Saturday Musings - Who's On Your Team?

Saturday Musings - Who's On Your Team?

I was watching my daughter, Elise, play netball this morning. For those of you that are unfamiliar with the game, it’s like basketball but without dribbling or a backboard behind the net. As I watched the game unfold and the players run around the court it reminded me to think about who are the players in my own domain team?

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If you really want to win the game and run a business that’s really profitable then there will be different people and organisations that add value to your endeavour. One of the most critical players would have to be your registrar. Having a good relationship with your registrar is vitally important when things go wrong.

A couple of weeks ago I wrote about a problem I was having with Enom, which I use as one of my registrars. After banging my head against the wall over a problem I had to make the difficult decision to move many of my domains away to Epik (who is now sponsoring my blog). Credit must be given to the product manager at Enom that reached out to me at the last minute to help resolve things.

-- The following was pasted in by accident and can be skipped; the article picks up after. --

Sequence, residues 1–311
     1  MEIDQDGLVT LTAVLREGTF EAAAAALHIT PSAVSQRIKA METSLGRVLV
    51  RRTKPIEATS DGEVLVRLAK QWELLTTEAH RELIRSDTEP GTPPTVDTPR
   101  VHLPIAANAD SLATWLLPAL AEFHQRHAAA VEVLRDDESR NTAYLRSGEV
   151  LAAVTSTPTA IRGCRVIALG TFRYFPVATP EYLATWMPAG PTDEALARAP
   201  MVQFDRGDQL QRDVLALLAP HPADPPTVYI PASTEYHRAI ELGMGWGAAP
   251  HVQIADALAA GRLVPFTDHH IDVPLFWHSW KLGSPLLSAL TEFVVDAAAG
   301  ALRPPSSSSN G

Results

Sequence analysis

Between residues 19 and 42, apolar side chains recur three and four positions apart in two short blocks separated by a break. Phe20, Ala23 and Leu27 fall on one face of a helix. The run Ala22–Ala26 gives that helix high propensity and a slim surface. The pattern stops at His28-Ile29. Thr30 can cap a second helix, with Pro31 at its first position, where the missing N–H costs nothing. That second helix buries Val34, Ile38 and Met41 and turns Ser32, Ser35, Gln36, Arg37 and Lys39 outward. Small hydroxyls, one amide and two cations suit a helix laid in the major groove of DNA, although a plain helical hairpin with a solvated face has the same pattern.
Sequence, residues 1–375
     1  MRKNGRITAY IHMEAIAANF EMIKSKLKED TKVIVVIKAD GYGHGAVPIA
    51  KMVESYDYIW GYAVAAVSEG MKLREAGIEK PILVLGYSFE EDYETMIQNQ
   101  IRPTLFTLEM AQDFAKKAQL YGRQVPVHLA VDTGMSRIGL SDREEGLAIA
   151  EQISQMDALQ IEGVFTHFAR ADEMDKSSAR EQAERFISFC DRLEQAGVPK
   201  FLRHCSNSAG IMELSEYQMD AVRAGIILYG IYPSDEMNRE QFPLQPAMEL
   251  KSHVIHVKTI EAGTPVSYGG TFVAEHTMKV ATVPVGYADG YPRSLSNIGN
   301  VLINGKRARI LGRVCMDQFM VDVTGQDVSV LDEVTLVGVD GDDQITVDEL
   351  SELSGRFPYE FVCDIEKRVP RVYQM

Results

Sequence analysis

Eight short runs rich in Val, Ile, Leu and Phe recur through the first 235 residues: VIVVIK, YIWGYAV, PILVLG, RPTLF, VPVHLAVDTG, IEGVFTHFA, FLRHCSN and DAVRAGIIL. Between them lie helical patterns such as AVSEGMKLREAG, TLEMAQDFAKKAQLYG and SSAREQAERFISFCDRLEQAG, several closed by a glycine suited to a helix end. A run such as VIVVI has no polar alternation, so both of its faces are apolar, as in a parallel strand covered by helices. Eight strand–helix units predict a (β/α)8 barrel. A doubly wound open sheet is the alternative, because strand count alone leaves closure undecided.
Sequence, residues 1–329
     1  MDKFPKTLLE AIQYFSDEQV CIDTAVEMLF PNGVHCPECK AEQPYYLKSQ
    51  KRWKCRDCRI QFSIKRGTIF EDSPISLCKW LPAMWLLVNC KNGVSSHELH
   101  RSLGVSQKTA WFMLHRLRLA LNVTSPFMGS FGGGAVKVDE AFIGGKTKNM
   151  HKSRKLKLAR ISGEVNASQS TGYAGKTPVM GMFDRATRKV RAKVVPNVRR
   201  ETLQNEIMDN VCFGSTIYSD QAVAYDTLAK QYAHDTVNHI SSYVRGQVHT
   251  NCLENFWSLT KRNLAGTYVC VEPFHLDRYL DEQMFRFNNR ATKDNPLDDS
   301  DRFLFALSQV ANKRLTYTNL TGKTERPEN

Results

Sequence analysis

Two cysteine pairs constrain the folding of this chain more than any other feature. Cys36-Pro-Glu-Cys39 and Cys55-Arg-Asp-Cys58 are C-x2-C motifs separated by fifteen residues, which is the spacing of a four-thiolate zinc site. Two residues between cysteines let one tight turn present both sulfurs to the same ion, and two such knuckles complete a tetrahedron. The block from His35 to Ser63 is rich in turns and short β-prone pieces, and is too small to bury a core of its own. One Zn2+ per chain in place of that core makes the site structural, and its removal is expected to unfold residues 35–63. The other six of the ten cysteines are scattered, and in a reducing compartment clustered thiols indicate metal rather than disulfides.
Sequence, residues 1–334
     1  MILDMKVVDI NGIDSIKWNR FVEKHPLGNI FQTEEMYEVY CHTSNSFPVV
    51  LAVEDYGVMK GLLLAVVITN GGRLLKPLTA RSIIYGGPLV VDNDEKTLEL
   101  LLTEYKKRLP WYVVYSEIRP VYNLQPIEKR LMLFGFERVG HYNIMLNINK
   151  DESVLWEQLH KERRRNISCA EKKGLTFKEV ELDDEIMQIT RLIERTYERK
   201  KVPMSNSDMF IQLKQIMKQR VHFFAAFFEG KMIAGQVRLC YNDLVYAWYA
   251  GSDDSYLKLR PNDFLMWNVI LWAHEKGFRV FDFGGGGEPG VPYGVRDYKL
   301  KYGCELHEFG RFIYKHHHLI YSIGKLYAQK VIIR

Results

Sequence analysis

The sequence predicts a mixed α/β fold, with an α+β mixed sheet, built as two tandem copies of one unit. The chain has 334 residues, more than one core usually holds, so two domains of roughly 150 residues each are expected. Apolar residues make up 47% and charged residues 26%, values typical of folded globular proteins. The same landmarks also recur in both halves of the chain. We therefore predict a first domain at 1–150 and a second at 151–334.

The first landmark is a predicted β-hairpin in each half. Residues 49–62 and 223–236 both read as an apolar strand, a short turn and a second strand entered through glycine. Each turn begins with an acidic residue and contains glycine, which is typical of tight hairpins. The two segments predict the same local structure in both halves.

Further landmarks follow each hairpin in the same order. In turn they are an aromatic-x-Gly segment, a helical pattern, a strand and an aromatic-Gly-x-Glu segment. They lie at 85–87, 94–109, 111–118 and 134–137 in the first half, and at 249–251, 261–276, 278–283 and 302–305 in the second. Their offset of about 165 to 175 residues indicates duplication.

So why did I choose Epik? As well as a great interface the most important factor was because the founder, Rob Monster, is proactive in dealing with things immediately and is always available on skype. So Epik is now becoming a part of my team.

Other members of my team include my traffic monetisation providers. In my case, that was an easy decision for me as I am one of the founders of ParkLogic. Let’s look a little beyond just my own domains and at ParkLogic’s many partners. We take the attitude that we do anything we can do help out our partners, streamline processes and get the “sand out of the gearbox”. We see all of our monetisation partners as members of the ParkLogic team.

Of course, I then have my accountant, lawyers and administrative support. There is one group of team members that is often forgotten…..how about your family and friends? Roselyn and the other members of my family are such an incredible support to making sure the business succeeds. It’s less about what they can do and more about being an emotional support which helps keep me going.